Interestingly, it is the skimmer that serves as the central filtration unit and the owners call their skimmer “the backbone” of their aquarium system. The skimmer is cleaned up weekly during water changes. An impressive electrical system keeps the tank alive, healthy and lovely. And no messy cables there, just a panel with neatly installed wires that winds through one section of the tank.
This Reef in the Sky is really something to look up to by avid aquarium fans!
See the Reef in the Sky for yourself here.
The rhythms and life of the ocean – this, in its maker’s own words, best describes this tropical reef tank. It is said to soothe the soul and reminds you of the great ocean and vivid marine life.
What’s uniquely admirable about this tank is the husbandry as its inhabitants were grown from frags to interesting micro-algae, and thus were created with much patience and care.
This one year-old, 8-gallon reef tank uses CaribSea Ocean Direct Live Sand filtration system, an Eheim Jager heater, and Digital Aquatics controller. The tank is filled with distilled water mixed with Reef Crystals and Red Sea Pro.
To keep the tank clean, 30% of water is changed bimonthly, 2-part dosing is done, and filter flossing two times a week. Other additives are used as needed: RedSea Coral Colors (Iron, Iodine, Potassium, and other trace elements), Brightwell MicroBacter7, CoralAmino, and KoralColor.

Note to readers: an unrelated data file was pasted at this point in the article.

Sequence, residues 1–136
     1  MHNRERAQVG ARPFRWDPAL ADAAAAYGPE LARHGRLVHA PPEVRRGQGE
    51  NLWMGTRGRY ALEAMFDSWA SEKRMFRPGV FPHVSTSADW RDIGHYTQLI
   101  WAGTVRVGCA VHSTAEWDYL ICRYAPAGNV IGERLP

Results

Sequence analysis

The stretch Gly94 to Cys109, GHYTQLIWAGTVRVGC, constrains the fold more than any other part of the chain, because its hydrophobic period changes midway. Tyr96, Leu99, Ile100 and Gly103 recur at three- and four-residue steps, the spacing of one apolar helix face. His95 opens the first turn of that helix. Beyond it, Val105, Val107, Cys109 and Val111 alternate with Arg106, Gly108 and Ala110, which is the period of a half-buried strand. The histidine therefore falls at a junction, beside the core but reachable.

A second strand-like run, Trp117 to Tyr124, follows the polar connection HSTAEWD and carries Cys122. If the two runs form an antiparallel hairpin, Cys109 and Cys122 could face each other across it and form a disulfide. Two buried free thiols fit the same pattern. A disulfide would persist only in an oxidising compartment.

Goby, Clowns and Bennies inhabit the tank along with a few invertebrates, and a wide variety of LPS and soft corals. Impressively, macro algae co-exist in the tank as well, including, among others, the unknown species ‘Red Branching’.
The tank is not only a sight to behold, it is a stock full of knowledge about marine life as well. Hats off to Polarcollission!
Read more about this tank here.
4. Starfish Enterprise
You won’t exactly find Dr. Spock in this inter-galactic tank but you will appreciate and marvel at the sense of innovation the owner has put into it.
This 24” x 24” x 12” tank had a lot of history behind it but presently it is a beautiful fish and coral reef paradise made of Optiwhite glass and fitted with Xaqua, and sits on a custom-built cabinet made out of an Ikea kitchen sink unit. The sump is custom built as well.
It has ATI Dimmable 8 x 24w Tubes with eclectic colors Narva blue, Gieseman pure Actinic, Gieseman Pink, Gieseman Blue. Its skimmer is Bubble Magus Nac QQ, heater is Aqua Medic Titanium (300w). For cooling, it uses 4x Azoo cooling fans.
About 15 kilograms of live rock helps in filtration. Around two liters of water is changed daily, skimmer is cleaned three to four times a week and the filter sock is change and cleaned every month. Testing is scheduled every Monday evening.
The tank is currently inhabited by a female dragon Pipefish (and will soon get a male partner) several species of invertebrates, including Harlequin Shrimps, Abalones, Scallops, Snails and Stomatella. A bunch of healthy corals that’s impressively colourful fill the tank.
The Starfish Enterprise has taken off and is blasting through your (home)space!
For more pictures and information on this tank, click here.
So, there you have it our first post under the Tank of The Month Roundup Series.
We would love to hear your opinions on this new series in the comments section below. Yay or Nay?